Dance House presents energetic triple bill from Les Ballets Jazz de Montreal

Submit to FacebookSubmit to Google PlusSubmit to TwitterSubmit to LinkedIn

BJM Les Ballets Jazz de Montreal | presented by Dance House | Vancouver Playhouse | February 24-25, 2017

Louis Robitaille’s world renowned touring company Les Ballets Jazz de Montreal (BJM) returned to Vancouver after four years to present three stunning works. Always full of dynamic energy and working with innovative contemporary choreographers, BJM puts on an exciting show.

Rouge, by Brazilian choreographer Rodrigo Pederneiras (of Grupo Corpo fame), began with aboriginal sounds and throat singing. The throng of dancers shuffled onto the stage with determined faces and their movement remained grounded and heavy throughout. The tribal motif was carried through their costumes — fringed beige tunics reminiscent of Pocahontas. I’m not sure if this was appropriation or simply a vague non-specific aboriginal reference — or which would be worse, but it seems that perhaps this piece could have used some sensitivity around that.  

Sounds of singing birds, waterfalls, and drums added to a vague jungle feel as the dancers engaged in light footwork and rolling through their bodies. The energy became more frenetic as war cries could be heard and the paint on their faces became more apparent. As they all laid on the stage pulsing to a visceral drum beat, they seemed to struggle to get up. Gradually they are on their feet moving increasingly faster through sequences of spins and jumps. There were a couple of sexually suggestive pas de deux sequences as well as a more sensual duet that repeated the same pulling and jumping in slow motion. The piece coalesces with fast stomping, grounded turns, and upbeat kicks, ending with the same shuffle that brought them onstage.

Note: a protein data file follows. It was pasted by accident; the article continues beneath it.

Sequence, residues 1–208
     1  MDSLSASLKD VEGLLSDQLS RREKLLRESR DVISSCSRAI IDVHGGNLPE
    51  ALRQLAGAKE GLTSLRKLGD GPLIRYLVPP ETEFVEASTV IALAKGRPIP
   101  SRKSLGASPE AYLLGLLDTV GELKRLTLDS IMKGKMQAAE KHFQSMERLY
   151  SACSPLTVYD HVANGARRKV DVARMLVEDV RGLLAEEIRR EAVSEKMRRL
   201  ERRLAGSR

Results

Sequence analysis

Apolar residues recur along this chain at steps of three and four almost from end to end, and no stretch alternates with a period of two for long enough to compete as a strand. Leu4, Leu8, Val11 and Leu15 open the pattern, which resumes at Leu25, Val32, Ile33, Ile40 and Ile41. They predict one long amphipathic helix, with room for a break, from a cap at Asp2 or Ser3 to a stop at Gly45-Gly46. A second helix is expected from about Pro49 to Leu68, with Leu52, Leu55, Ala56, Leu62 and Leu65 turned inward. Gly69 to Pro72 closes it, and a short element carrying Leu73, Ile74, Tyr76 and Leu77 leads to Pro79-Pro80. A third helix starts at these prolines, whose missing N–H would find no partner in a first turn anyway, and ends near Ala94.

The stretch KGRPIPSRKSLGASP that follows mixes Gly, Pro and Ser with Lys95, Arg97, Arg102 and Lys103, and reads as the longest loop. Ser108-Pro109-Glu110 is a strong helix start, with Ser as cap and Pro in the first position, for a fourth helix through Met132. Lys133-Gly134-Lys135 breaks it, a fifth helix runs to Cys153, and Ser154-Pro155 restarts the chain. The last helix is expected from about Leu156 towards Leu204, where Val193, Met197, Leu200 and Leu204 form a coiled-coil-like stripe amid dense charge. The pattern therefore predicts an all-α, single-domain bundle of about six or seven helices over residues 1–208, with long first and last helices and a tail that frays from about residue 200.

Israeli choreographer Itzik Galili’s Mono Lisa, was an extremely impressive, physically demanding pas de deux full of acrobatic feats and sassy pointe work. Crunching, scraping, and ripping sounds evoke an industrial environment as two bars of lights ascend to reveal the dancers. Céline Cassone and Alexander Hille had amazing chemistry as they look at each other with intense eyes and Cassone walks away, unimpressed with his display.

Hille swings her by the legs, she lifts her leg so high it seems impossible, and they dazzled us with their strength, flexibility and attitude. After a particularly impressive move, Cassone walks upstage fluffing her fiery red hair as if to say “how do you like me now?” For their finale, Hille layed on his back with his flexed feet straight up in the air and Cassone nimbly does a hand stand to flip herself backwards to balance on top of his feet. They were the stars of the evening.  

Kosmos, by Greek choreographer Andonis Foniadakis, began with Louis Robitaille’s idea to create a piece about hectic city life and the movement of people through city streets, but other than a couple of references to walking and crowds this may not have been clear without knowing that beforehand. Wearin all black outfits, stomping their feet and slapping their bodies, the piece takes on an ominous, futuristic tone. Ethereal music paired with broad arms and expansive turns give the piece a chaotic feel while at the same time remaining orderly with the dancers sharing the space well.

Seeming to be searching for something beyond their grasp as they walked with the determination seen on city streets, a voiceover said, “this is only the beginning.” They moved with urgency, competing for space while remaining in harmony as they morphed through various patterns. Things became increasingly aggressive and fervent as the piece came to a close with the stage covered in a static-like white light. As if we were watching a snowy TV set, we could only see blurry silhouettes of the dancers in an eerie slow motion finale that went on a bit longer than needed. 

Submit to FacebookSubmit to Google PlusSubmit to TwitterSubmit to LinkedIn